A1 Journal article – refereed

Investigating the construct and concurrent validity of the Richards-Campbell Sleep Questionnaire with intensive care unit patients and home sleepers




List of Authors: Ritmala-Castren Marita, Axelin Anna, Richards Kathy C, Mitchell Marion L, Vahlberg Tero, Leino-Kilpi Helena

Publisher: The Confederation

Publication year: 2021

Journal: Australian Critical Care

Journal name in source: Australian critical care : official journal of the Confederation of Australian Critical Care Nurses

Journal acronym: Aust Crit Care

ISSN: 1036-7314

eISSN: 1878-1721

DOI: http://dx.doi.org/10.1016/j.aucc.2021.04.001


Abstract
BACKROUND: Sleep is vital to our wellbeing. Critically ill patients are vulnerable with effects of sleep deprivation including weakened immune function, decreased glucose tolerance, and increased sympathetic activity. Intensive care unit (ICU) patients' sleep evaluation is difficult and often not reliable. The most commonly used instrument for assessing ICU patients' perspective of their sleep, Richards-Campbell Sleep Questionnaire (RCSQ), has not been reported to have undergone known-group construct validity testing or concurrent validity testing with the criterion measure of feeling refreshed.
OBJECTIVES: The aim of the study was to explore the construct validity of the RCSQ with known-groups technique and concurrent validity with the criterion measure of feeling refreshed on awakening.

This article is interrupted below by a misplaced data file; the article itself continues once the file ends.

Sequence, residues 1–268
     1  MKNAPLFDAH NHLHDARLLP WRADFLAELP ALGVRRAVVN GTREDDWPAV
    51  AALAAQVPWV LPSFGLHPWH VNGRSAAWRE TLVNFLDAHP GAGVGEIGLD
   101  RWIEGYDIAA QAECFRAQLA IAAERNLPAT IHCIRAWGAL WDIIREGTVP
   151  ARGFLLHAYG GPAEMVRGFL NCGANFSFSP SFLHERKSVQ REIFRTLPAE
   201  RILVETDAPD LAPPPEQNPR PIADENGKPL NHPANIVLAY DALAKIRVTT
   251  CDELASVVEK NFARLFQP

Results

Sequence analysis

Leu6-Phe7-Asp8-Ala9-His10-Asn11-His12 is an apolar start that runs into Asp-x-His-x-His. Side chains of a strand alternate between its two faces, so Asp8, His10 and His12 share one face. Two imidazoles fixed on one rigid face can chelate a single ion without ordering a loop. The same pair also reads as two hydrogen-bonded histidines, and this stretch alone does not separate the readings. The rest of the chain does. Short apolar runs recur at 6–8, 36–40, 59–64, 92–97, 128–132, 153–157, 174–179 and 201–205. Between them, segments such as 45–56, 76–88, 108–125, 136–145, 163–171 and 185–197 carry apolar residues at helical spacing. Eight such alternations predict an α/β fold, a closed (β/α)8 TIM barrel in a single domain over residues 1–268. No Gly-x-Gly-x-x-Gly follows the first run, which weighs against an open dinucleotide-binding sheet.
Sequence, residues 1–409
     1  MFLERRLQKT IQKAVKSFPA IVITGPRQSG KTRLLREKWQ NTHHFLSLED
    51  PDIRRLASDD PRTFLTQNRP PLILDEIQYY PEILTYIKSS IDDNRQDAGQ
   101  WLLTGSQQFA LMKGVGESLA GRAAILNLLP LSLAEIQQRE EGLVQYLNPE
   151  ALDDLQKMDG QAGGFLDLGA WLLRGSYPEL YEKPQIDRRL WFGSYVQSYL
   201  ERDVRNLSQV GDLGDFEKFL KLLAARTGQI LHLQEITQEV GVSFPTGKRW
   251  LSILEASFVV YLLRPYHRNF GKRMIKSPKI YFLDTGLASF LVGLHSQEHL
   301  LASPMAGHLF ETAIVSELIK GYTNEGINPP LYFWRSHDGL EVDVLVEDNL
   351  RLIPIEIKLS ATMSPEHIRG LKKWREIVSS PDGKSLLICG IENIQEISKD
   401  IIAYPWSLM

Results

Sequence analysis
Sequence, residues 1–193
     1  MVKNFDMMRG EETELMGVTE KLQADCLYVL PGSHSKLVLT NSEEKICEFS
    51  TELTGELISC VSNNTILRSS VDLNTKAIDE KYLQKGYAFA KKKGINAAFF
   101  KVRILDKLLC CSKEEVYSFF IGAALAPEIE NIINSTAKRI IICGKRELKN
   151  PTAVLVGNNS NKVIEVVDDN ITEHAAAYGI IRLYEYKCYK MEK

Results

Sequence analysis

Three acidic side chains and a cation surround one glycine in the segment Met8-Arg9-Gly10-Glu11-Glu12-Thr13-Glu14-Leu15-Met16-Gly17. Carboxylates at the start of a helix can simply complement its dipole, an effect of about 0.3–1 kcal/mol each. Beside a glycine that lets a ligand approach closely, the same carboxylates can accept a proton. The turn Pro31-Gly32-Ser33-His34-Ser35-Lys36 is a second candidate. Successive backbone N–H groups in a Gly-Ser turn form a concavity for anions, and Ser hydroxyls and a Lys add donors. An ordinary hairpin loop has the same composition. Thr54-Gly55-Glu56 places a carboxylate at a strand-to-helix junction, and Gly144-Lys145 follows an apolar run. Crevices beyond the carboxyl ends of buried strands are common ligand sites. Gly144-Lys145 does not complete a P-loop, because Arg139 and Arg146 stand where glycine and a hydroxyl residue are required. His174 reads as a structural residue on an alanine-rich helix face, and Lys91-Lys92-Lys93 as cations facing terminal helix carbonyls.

METHODS: A cross-sectional descriptive survey study using the RCSQ was conducted on people sleeping at home (n = 114) over seven nights. The results were compared with the RCSQ sleep scores of nonintubated alert oriented adult ICU patients (n = 114). Home sleepers were also asked to rate how refreshed they felt on awakening. The study was executed and reported in accordance with the STROBE checklist for observational studies.
FINDINGS: RCSQ construct validity was supported because home sleepers' and ICU sleepers' sleep evaluations differed significantly. Home sleepers rated their sleep significantly better than ICU patients in all five sleep domains of the RCSQ. Concurrent validity was supported because the item "feeling refreshed on awakening" correlated strongly with all sleep domains.
CONCLUSIONS: Sleep quality may be accurately measured using the RCSQ in alert people both in the ICU and at home. This study has added to the validity discussion around the RCSQ. The RCSQ can be used for sleep evaluation in ICUs to promote wellbeing and recovery.

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Last updated on 2021-24-06 at 08:52